Dealing With Osteoporosis


Osteoporosis is a condition which causes the bones to become brittle and weak resulting in them breaking easily. Commonly associated with breaks as a result of minor falls, the truth is that it takes nothing as intense as a fall for your bones to break if you suffer from this condition. Even someone grabbing your wrist or you simply twisting suddenly can be enough for them to break. Age, amongst other considerations is a factor, which is why it’s more common in the elderly population, although by no means restricted to it.

Common Factors

Osteoporosis is the result of a natural thinning of your bone mass as you get older. Your bone density tends to reach its peak at about the age of 30, after which the natural process of remodelling bone structure then starts to take away more bone than what it replaces. Therefore, everybody’s bones will start getting progressively thinner once you hit your 30s but the process is speeded up in some people by a number of factors. They include:

  • Estrogen deficiency in women once they’ve been through the menopause (a reason why women are more prone to suffer than men), although men who have a lower than average testosterone level are also at risk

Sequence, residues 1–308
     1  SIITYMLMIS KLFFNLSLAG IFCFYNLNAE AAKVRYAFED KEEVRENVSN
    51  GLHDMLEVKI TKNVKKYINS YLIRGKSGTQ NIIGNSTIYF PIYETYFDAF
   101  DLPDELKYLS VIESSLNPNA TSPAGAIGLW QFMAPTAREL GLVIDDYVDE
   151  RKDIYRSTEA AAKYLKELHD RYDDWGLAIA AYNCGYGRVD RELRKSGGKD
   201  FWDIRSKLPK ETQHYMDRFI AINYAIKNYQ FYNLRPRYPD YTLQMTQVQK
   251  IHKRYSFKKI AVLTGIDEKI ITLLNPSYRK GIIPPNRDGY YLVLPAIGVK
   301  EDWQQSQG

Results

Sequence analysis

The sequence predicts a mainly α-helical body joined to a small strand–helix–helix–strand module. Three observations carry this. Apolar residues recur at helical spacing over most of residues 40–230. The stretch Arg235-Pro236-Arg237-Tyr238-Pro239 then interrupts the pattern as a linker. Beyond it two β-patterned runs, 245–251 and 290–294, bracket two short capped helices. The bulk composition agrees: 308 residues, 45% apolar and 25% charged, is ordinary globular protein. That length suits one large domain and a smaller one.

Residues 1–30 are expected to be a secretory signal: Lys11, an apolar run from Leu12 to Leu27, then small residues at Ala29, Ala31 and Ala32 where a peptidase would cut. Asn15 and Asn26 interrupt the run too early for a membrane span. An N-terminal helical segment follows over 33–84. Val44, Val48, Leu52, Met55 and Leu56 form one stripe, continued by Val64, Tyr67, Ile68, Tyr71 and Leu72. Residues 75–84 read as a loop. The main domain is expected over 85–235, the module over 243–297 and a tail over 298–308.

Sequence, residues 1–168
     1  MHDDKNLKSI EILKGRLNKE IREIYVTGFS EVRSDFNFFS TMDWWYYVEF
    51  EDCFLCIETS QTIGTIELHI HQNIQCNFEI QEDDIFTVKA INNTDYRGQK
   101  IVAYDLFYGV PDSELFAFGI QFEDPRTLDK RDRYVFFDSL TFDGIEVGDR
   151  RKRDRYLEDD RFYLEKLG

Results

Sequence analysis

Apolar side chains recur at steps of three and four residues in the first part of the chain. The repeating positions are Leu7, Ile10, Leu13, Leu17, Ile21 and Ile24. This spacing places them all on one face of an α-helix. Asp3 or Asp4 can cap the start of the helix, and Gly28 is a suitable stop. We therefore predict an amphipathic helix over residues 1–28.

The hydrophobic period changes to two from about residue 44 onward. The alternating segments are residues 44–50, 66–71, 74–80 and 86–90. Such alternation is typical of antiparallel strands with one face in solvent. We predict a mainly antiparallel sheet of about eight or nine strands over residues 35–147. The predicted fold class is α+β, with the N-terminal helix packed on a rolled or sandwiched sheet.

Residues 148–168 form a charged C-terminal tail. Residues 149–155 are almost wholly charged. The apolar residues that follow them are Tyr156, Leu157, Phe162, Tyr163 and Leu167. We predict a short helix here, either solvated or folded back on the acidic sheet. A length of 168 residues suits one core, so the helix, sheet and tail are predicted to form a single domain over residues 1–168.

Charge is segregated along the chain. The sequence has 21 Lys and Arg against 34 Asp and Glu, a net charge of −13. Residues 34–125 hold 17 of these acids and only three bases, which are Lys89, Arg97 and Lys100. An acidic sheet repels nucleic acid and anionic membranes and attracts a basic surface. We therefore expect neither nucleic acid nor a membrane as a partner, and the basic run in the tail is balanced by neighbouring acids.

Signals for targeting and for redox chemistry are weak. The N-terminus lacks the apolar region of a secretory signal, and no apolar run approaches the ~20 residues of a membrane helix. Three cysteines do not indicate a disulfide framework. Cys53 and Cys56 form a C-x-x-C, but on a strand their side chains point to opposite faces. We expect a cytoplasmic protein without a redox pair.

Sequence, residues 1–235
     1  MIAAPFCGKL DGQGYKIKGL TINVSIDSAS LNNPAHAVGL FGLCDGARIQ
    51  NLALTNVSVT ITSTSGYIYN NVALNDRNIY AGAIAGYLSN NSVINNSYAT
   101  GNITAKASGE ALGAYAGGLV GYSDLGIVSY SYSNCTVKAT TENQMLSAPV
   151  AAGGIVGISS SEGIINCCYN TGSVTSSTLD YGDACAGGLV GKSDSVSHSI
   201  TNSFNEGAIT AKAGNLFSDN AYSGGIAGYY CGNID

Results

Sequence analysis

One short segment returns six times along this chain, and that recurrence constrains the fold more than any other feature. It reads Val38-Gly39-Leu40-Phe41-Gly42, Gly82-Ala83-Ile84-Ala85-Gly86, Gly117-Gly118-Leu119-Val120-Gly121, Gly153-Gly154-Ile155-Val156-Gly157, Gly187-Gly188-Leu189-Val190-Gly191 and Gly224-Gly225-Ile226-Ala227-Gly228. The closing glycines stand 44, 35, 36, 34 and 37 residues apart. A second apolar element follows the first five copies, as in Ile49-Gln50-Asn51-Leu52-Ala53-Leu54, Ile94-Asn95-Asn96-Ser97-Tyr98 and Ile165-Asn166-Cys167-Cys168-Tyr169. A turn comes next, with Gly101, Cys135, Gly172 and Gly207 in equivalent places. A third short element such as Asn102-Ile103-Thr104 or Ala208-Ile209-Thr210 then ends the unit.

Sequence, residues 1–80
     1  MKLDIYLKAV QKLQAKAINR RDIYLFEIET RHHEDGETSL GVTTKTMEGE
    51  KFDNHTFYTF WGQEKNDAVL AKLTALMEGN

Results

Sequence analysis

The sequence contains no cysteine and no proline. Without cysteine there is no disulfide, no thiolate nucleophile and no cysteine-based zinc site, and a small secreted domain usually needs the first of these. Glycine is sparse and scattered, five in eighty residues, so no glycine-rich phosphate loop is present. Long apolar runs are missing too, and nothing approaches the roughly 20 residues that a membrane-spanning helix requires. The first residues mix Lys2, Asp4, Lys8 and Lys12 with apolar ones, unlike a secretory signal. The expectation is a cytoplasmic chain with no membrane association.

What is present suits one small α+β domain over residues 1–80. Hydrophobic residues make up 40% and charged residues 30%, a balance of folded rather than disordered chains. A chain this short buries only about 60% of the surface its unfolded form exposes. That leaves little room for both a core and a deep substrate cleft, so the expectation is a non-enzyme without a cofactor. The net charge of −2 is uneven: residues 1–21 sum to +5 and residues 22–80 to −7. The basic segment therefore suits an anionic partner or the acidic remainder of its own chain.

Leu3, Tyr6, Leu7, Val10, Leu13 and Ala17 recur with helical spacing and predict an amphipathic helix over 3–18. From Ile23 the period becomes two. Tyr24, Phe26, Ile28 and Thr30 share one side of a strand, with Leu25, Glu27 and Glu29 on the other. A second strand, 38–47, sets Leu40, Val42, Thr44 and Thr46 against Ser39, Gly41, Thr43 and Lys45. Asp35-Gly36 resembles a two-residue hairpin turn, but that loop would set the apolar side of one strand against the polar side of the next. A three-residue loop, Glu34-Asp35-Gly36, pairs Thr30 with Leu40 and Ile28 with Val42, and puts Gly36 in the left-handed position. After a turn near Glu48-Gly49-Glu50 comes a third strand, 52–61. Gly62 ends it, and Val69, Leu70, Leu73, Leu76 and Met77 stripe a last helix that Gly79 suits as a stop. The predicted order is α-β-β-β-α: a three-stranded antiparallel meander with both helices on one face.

• Thin body structures
  • Sufferers or ex-sufferers of anorexia nervosa
  • Lack of exercise
  • Calcium and Vitamin D deficiency
  • Smoking and drinking alcohol
  • Use of certain prescription drugs
  • Hereditary factors

Although it’s not possible to stop your bone density from diminishing as you get older, there are certain steps you can take to slow the process down in order to reduce the risk of osteoporosis.


A healthy diet, rich in vitamin D and calcium, is recommended. This could include low-fat milk, cheese, yoghurt, cereals, orange juice and greens such as spinach, sprouts and broccoli are good for your bones too. You should also reduce your salt intake and keep off the carbonated drinks as there is some concern that drinks which contain phosphoric acid can actually remove calcium from your body, although this is quite a debatable issue.


Exercise is very important – biking, swimming and other similar weight-bearing exercises are preferable to, say, running as they place less stress upon your bones, thereby causing less erosion. It’s particularly important to take regular exercise but not to overdo it too much and to do the right kind of exercise as there have been several well-documented cases of the likes of marathon athletes who have gone on to suffer with osteoporosis later in life because of factors associated with the punishing nature of their training.

Your GP should be able to advise you on a suitable diet and exercise plan if you’re suffering, or are in danger of suffering from osteoporosis, and some calcium based supplements can help. Later in life, if you have brittle bones and suffer a fall, it can acutely hamper your mobility and in severe incidents, such as a hip fracture, there are other accompanying risks such as deep vein thrombosis and pulmonary embolism.

It is, however, a condition that you should be aware of as you get older as it’s estimated that over 1 in 3 women and 1 in 12 men over the age of 50 presently suffer with the condition to a lesser or greater extent.

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